This national study across a diverse sample of ICUs shows that roughly 2% of critically ill patients are readmitted to the same ICU within 48 hours of ICU discharge; 4% are readmitted within 120 hours. Neither 48- nor 120-hour readmission rates varied across patient or ICU type. ICU readmission rates did not change 2001–2007. Among medical patients, those in academic hospitals were more likely to be readmitted after 48 hours than those in community hospitals without residents, and more likely to be readmitted after 120 hours than patients in community hospitals with or without residents. We did not evaluate readmissions after 120 hours because they are more likely to be determined by disease trajectories and care on the floor than ICU decisions. Further, the data suggest that fewer than 35% of readmissions occur beyond 120 hours, and modest C statistics suggest that even during these short windows, unmeasured risk factors may lead to ICU readmission. Future research should explore how patients’ severity of illness at ICU discharge (rather than at ICU admission), and how floor-based rather than ICU-based organizational structures, contribute to ICU readmission risk. Future research should also explore whether decision making by residents influences ICU readmission rates.

Approximately 60% of readmitted patients were readmitted for different diagnoses than their original diagnosis, whereas the other 40% may have had perpetuation or recrudescence of their initial problem. Evidence-based discharge criteria for vulnerable patient groups, such as sepsis or mechanically ventilated patients, which could prevent adverse events after ICU discharge deserve further exploration. However, the challenge is to develop effective criteria across diverse institutions that limit unintended negative consequences.

Fifty percent of readmitted patients returned to the ICU within 3 days. Closed ICUs and academic hospitals had the longest median times to readmission, possibly because of differences in case-mix or discharge practices, or because increased bed scarcity in closed ICUs creates delays in or higher thresholds for readmission. Alternatively, if ICU readmissions after longer time periods on the floor imply that adverse events post-ICU discharge rather than ICU practices precipitate readmissions, these findings could be attributable to different post-ICU discharge practices or events.

Afternoon and evening discharge were important risk factors for ICU readmission in multivariable analyses. This finding is consistent with a prior study (22) and may be because such patients may be more likely discharged to create room for other patients, suggesting that they are less “ready” for initial ICU discharge. Alternatively, differences in ICU night staffing, discharge protocols, or handoff quality may account for these findings. Although no association was found between ICU occupancy at patient discharge and ICU readmission in this analysis, the idea that “early” discharge because of ICU capacity strain could lead to adverse patient outcomes deserves further exploration (45).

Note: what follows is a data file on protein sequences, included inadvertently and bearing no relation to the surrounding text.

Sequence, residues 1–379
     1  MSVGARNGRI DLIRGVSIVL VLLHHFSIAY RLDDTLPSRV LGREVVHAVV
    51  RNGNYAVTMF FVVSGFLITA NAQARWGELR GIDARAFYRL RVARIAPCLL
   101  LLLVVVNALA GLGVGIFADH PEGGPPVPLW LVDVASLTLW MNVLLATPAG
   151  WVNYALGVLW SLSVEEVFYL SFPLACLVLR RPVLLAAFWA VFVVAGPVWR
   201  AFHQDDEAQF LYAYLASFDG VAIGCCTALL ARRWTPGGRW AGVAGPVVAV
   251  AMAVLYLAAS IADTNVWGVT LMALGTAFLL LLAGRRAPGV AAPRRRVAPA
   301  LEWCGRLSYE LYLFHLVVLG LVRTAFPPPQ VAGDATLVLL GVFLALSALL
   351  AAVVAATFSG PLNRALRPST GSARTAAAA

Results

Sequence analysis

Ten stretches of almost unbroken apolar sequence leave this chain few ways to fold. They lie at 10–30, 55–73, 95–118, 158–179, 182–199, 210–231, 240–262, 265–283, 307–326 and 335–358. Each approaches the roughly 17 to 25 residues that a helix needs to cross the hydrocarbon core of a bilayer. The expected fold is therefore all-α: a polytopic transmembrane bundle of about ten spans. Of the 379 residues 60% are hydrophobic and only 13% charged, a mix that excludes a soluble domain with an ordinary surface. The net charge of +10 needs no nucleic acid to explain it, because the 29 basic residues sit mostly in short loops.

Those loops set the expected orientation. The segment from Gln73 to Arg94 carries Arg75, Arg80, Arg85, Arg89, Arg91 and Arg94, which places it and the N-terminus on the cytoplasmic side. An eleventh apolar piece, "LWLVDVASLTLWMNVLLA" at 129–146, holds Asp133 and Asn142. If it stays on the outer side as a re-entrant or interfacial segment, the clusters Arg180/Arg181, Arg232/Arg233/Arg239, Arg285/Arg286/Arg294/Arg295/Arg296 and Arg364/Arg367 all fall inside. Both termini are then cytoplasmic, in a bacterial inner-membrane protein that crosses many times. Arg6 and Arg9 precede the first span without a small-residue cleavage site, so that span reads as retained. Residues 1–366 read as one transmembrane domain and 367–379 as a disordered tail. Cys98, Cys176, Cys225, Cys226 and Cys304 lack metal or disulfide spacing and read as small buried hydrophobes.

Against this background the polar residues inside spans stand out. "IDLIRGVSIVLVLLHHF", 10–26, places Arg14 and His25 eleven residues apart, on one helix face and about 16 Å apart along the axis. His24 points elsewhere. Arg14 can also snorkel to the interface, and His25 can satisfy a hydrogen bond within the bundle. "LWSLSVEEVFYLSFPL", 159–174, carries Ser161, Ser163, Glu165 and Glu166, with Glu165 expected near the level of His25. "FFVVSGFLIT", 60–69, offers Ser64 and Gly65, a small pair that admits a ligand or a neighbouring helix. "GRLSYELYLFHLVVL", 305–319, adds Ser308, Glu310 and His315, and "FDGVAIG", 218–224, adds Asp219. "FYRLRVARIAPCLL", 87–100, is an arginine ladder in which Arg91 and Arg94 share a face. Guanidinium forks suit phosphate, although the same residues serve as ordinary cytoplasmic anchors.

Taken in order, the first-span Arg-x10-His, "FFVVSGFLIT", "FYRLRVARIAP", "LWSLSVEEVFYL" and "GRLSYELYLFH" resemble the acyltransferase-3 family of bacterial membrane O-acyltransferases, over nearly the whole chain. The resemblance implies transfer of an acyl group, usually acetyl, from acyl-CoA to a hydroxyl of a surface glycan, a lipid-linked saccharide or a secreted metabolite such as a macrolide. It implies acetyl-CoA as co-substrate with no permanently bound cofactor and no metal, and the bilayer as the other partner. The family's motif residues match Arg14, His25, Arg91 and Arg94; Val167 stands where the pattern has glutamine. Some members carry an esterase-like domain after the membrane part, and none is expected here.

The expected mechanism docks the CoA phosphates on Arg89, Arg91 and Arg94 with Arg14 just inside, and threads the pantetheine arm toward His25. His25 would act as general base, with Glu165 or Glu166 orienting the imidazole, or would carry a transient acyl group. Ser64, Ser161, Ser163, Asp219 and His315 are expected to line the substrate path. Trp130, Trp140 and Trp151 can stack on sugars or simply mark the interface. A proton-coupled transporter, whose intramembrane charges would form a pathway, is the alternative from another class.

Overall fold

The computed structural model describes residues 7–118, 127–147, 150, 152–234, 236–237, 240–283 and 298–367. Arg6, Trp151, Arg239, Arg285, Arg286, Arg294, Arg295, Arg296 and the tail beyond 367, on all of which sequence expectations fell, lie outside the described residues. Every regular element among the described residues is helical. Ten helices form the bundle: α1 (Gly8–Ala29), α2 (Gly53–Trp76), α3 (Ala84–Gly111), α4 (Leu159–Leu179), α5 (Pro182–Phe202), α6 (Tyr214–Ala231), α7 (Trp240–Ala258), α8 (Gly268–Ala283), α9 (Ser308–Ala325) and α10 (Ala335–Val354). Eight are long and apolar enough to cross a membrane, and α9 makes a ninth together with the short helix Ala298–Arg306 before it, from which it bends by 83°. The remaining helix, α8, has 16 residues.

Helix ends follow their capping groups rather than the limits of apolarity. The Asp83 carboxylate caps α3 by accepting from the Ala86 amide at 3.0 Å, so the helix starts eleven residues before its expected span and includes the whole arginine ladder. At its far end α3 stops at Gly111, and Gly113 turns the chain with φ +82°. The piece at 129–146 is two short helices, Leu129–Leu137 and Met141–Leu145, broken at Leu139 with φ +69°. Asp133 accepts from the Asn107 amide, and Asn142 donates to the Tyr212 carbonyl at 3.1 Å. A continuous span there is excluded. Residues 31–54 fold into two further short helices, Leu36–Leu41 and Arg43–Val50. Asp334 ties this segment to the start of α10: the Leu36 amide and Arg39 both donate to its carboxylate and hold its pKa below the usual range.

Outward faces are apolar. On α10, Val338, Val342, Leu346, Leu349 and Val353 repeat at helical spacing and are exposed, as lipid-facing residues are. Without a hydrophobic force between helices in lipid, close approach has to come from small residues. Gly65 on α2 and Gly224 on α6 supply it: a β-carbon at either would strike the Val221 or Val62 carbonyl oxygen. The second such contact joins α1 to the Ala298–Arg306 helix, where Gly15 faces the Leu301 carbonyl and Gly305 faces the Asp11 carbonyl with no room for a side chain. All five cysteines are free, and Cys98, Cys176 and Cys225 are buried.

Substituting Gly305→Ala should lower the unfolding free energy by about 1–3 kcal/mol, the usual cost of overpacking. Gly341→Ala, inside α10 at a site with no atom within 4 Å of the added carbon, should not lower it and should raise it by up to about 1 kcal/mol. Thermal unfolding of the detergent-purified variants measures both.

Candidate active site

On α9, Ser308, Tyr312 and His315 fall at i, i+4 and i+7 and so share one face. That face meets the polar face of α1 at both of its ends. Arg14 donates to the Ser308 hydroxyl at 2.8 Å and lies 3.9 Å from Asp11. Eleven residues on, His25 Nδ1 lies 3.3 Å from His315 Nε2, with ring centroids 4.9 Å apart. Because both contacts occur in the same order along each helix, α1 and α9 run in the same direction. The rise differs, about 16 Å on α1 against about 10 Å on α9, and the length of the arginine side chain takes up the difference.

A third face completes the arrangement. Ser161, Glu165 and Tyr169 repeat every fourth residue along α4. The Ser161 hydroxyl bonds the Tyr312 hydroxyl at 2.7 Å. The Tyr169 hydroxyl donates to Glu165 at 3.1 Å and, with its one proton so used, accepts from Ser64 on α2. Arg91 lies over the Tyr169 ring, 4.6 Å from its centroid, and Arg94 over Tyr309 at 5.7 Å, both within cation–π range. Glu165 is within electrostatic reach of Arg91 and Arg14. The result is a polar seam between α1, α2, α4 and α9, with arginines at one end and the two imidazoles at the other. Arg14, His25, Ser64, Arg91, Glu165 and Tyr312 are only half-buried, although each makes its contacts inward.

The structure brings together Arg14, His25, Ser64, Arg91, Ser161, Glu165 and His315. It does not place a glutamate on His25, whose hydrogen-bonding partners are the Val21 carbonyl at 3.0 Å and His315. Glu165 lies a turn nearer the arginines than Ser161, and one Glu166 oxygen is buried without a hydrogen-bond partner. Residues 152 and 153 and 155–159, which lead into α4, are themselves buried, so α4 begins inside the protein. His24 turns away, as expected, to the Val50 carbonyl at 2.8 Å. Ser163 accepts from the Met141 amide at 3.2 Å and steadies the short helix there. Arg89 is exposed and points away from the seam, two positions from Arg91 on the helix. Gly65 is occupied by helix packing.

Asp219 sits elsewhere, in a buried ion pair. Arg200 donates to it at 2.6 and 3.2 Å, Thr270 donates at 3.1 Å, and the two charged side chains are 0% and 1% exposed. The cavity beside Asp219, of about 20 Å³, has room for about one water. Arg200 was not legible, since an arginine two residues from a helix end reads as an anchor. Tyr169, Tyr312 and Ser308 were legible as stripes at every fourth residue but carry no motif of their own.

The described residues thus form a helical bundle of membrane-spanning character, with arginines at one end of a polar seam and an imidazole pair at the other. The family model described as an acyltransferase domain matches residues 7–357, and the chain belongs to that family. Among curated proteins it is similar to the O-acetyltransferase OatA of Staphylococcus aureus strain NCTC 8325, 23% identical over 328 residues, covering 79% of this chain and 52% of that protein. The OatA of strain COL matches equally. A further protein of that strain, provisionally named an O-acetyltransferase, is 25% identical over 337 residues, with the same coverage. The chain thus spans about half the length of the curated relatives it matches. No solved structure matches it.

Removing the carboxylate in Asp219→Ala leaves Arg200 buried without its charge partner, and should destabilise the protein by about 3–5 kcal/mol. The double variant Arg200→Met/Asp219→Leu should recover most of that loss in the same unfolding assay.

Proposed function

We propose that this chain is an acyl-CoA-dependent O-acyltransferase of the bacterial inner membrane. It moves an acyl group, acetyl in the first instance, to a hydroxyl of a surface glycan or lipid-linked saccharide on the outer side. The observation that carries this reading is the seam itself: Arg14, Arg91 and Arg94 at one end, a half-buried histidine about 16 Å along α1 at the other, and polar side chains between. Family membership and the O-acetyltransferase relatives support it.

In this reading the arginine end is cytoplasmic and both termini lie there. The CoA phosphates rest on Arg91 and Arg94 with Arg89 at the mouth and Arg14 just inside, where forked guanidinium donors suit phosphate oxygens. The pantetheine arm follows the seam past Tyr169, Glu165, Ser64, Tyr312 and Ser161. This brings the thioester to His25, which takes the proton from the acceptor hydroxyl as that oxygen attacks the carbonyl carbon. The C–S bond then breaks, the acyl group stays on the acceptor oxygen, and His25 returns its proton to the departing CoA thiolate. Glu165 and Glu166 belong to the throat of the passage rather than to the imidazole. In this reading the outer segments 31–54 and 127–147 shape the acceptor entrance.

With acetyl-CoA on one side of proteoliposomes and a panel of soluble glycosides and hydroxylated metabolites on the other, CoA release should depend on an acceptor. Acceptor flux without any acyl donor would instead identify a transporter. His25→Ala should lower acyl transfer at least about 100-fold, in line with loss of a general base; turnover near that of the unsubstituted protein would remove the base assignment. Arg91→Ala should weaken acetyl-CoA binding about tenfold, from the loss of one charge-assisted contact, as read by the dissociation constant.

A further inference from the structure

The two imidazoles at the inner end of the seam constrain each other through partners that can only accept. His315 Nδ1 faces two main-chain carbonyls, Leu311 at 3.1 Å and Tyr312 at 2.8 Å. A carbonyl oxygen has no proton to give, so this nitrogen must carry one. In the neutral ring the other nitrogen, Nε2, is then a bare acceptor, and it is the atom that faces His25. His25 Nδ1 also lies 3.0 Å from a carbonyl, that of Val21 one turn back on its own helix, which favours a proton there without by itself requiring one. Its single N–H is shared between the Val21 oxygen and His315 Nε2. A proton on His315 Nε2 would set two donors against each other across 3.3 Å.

ICU readmissions are considered a promising candidate for assessing ICU performance (12). This study addresses the epidemiology of ICU readmissions, and may guide sample selection for future studies that more directly assess the relevance of readmissions. This study does not settle the important questions of whether readmissions are preventable or causally related to poor outcomes. Too many readmissions could suggest the occurrence of preventable adverse events, but some readmissions may be inevitable, and others may even benefit patients. Similarly, too few readmissions could imply that hospitals retain patients in ICUs longer than necessary, exposing patients to unnecessary risks, causing denial of critical care to other patients, and increasing healthcare costs. Low ICU readmission rates could also be attributable to higher than expected mortality, or hasty hospital discharge. Therefore, any use of ICU readmissions as a quality metric must be accompanied by mortality and length-of-stay metrics. Further research should explore the circumstances surrounding readmissions, and the attributable mortality caused by them.

Other studies have reported higher ICU readmission rates than found in this study. However, many of these studies have been small, and may have been undertaken by participating institutions out of concern that ICU readmissions were too frequent. Further, many included readmissions after longer time periods, to other ICUs, or were performed in academic centers (5, 10, 1214, 1618, 20), which have higher rates of unadjusted ICU readmission than community ICUs.